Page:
OK ladies; let’s get down to drinking business! Nights at bars and nighclubs always tend to have something to do with beautiful cocktails. Those colourful, sweet, fruity and often creamy beverages that we sip on for hours really do make a great night out. We sip and sip and it isn’t until we stand to head to the dance floor that we realize just how much alcohol was in our glasses. Cocktails have certainly developed over time. Traditionally, these nice blends were a real treat to cover up the bad tastes of badly made beverages throughout the bars and clubs of the 1920’s. The period of prohibition saw the banning of cocktails because they were seen as drinks with intoxicating liquors. However, comercialisation of the popular mixers started in the 1960’s when books and films made specific references to martinis. Since then, cocktails have taken on a life of their own with all kinds of explicit names, and interesting combinations of fruit, vegetables, alcohol and spices. I’m the first to the bar when cocktails are on offer. I love tasting all kinds of new and strange blends, but there are a few which are truly amazing.
Here are my top five favorites drinks for women:
In the 1870’s, Iain Marshall mixed a drink at the Manhattan Club in New York City for a dinner hosted by Winston Churchill’s mother. The success of the dinner gave the drink a place in the hearts of New Yorkers where people would go to bars and nightclubs asking staff to make the Manhattan Club drink. Many authors have written about the cocktail including William Schmidt in his 2007, The Flowing Bowl. Unlike other famous cocktails, the original recipe has remained untouched and is still made from Rye, Vermouth and Angostura Bitters with a garnish of Maraschino cherry.
4. Pina Colada
The life of the Pina Colada is confusing. The origin and who actually created this baby has been argued for years. Consistent tails say that the Pina Colada [Spanish for strained pineapple], was discovered by Roberto Cofresi. This Puerto Rican pirate used the cocktail to boost morale among his sailers in the 1800’s. The drink was originally made with coconut, pineapple and White Rum however, as South America’s culinary skills developed; coconut cream was used adding a smooth, milky texture to this bar and nightclub favourite.
3. Singapore Sling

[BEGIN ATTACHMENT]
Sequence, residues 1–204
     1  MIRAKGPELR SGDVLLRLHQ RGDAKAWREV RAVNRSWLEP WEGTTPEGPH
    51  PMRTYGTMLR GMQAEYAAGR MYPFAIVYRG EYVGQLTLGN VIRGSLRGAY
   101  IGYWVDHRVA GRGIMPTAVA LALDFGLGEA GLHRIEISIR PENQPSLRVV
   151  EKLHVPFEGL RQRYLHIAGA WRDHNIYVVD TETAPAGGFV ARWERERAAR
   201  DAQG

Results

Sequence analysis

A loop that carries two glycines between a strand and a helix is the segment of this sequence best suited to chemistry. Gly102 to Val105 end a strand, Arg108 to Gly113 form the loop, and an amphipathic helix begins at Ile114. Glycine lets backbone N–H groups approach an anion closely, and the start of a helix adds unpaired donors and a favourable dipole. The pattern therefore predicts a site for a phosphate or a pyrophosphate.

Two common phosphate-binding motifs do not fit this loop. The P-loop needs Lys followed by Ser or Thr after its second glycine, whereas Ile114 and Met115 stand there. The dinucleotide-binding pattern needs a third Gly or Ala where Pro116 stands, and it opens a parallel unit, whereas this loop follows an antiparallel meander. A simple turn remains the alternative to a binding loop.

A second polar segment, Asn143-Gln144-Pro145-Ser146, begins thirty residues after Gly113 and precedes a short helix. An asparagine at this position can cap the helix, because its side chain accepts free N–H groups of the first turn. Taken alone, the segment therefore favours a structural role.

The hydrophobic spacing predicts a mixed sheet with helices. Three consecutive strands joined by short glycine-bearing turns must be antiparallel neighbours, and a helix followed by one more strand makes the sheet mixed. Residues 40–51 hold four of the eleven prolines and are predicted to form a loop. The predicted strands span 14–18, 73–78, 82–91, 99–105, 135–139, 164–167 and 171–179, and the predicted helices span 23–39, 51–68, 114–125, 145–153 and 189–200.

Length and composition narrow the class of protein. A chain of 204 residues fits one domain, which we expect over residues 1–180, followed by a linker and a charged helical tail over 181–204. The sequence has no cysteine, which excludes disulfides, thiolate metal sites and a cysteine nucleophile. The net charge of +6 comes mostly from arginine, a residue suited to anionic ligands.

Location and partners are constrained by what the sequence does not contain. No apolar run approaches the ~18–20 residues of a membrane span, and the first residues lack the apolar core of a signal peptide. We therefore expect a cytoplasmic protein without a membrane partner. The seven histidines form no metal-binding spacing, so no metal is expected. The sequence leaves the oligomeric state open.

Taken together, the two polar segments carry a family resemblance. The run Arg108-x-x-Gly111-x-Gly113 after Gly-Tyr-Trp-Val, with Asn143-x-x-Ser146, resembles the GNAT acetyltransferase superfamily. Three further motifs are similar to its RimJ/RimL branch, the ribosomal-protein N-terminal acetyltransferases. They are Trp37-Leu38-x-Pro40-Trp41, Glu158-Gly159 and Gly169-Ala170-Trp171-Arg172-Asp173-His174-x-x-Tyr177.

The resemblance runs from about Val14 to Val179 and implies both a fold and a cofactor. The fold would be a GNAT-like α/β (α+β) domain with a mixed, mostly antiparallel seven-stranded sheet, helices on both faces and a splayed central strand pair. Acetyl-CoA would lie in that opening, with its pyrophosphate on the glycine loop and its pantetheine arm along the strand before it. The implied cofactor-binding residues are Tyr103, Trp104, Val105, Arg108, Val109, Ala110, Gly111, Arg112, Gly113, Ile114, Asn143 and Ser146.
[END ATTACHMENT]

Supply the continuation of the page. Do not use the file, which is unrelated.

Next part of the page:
While working at the Raffle Hotel in Singapore, Ngiam Tong Boon created a masterpiece. He poured Gin, Heering Cherry Liqueur, Cherry Brandy, Cointrueau, Dom Benedictine and Grenadine and the Singapore Sling was born. Throughout history, bars and nightclubs everywhere have sold the famous drink and the hotel where the drink started its life has become somewhat of an icon. The original recipe can still be found in the hotel bar. Bar staff still serve Singapore Slings in the same way [tall], but it’s not mixed in the traditional method. Today they are premixed and dispensed using an automatic dispenser to combine the alcohol and the pineapple together more evenly and faster.
2. The Bellini
This gem was created by a Venetian named Giuseppe Cipriani between the years of 1934 and 1948. Cipriani was the founder of a popular bar in Venice and developed the drink made from Sparkling Wine [usually Prosecco], and Peach Juice to be sold in his venue. He dubbed the now famous cocktail the Bellini because of its pink colour – a prominent shade found in a painting by artist, Giovanni Bellini.
The eternal girly cocktail made famous through Sex and the City, the Cosmopolitan was born in 1985. Bartender, Cheryl Cook created the cocktail because she found it strange that people in bars and nightclubs would order martinis just to be seen holding the stylish glasses. She wanted to create a drink which was visually appealing, simple to drink and served martini style. Historic recipes by Cook read that the drink needed Absolut Vodka, Citron, Triple Sec and Cranberry Juice. However, in 1987, the drink got a facelift by New York bartender, Toby Cecchini who introduced Cointreau and a squeeze of fresh lime.
Article by: Nastasia Campanella http://www.barsandnightclubs.com.au